Peering into the future, opposing defenses might still be dealing with Durant and having to cover for either better versions of Brooklyn's youngsters or whichever star the front office can turn them into. If Irving loses volume or efficiency by then—not a given in either case—he could compensate by increasing the other.
Charlotte Hornets: P.J. Washington
Theoretically, the safe selection in Buzz City is either Devonte' Graham or Terry Rozier. They're sharing the scoring load now, and since the 26-year-old Rozier is the senior member of the backcourt, they could still be in their primes in 2023.
But the undersized scoring guards are both sub-40 percent shooters for their careers. Graham isn't hitting 40 percent of his two-pointers, and Rozier's 43.6 percent mark is both 238th overall and his personal best. In other words, they could easily be point-producing placeholders until someone more interesting comes along.
P.J. Washington has a chance to be that someone. The 21-year-old is already a glue guy in training with enviable versatility at both ends of the floor. Assuming his shooting holds up—he's hitting 37.4 percent of his threes but only 64.7 percent of his free throws—he could become a jack of all trades and master of several.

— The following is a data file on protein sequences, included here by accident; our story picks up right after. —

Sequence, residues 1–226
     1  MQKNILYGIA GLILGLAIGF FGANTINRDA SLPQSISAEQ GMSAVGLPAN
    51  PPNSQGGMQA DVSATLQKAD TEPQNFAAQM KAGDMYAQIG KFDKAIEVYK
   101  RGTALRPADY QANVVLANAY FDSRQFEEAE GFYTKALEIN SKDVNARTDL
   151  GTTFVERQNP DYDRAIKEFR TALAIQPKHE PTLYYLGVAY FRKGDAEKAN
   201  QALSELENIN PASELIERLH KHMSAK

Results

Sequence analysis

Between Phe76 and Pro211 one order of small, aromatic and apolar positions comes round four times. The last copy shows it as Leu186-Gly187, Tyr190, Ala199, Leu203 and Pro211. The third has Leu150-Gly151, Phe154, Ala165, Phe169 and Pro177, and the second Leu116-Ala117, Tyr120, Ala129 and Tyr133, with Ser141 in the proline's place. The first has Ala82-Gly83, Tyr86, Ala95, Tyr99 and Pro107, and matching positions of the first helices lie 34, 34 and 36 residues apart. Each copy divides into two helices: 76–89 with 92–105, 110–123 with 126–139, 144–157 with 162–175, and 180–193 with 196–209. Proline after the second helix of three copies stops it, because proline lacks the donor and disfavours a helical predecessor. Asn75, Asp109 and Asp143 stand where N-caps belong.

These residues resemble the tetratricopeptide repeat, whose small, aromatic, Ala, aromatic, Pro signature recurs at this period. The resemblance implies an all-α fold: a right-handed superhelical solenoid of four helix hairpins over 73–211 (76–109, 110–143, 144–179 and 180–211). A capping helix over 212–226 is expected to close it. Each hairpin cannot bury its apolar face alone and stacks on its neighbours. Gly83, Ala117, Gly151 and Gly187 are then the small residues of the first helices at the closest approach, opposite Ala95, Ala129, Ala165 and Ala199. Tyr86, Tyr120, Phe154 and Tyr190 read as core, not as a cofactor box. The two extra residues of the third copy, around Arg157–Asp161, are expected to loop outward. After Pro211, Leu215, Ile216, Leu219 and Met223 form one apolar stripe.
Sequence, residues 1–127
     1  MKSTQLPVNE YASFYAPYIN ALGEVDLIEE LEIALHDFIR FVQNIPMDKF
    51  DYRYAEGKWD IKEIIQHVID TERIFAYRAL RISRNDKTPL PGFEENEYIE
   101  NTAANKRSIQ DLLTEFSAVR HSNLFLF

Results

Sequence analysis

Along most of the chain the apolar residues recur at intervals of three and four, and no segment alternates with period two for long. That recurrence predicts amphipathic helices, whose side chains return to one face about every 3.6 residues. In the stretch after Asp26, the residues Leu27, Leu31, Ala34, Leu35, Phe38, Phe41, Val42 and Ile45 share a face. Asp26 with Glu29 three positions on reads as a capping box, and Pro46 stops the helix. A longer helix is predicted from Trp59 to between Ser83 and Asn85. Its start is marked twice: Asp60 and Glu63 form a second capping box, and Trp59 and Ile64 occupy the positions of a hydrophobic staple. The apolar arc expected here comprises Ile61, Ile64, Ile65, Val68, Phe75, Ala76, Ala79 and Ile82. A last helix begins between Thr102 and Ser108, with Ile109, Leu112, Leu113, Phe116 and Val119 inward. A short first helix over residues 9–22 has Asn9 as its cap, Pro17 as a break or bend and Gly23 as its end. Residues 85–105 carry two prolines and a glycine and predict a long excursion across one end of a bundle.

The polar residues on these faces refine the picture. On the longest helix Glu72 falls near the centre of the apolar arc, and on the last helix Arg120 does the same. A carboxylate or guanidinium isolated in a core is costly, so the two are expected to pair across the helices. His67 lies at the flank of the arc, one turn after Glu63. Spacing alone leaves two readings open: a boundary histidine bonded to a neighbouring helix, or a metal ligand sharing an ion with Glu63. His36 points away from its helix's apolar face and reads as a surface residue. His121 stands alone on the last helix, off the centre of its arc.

That's an optimistic outlook, sure, but the Hornets didn't exactly lay the most inspiring foundation for the post-Kemba Walker era. Without an obvious home run on the roster, we'll instead bet on Washington to leg out a bloop double.
Chicago Bulls: Lauri Markkanen
This might get a groan from the Windy City since Lauri Markkanen has made the season's short list of biggest disappointments. What should have been a leap year in his third NBA go-round has instead devolved into a back-tracking campaign undone by losses in volume, efficiency and assertiveness.
Maybe time will prove me foolish for believing, but I still see the most upside in him.
If he nears his ceiling, he'll be a mismatch 7-footer. He can light the lamp from the paint to the perimeter, meaning he can clown interior defenders and punish smaller ones on switches. He needs to improve as a defender, but that's true of essentially all the Bulls' best players.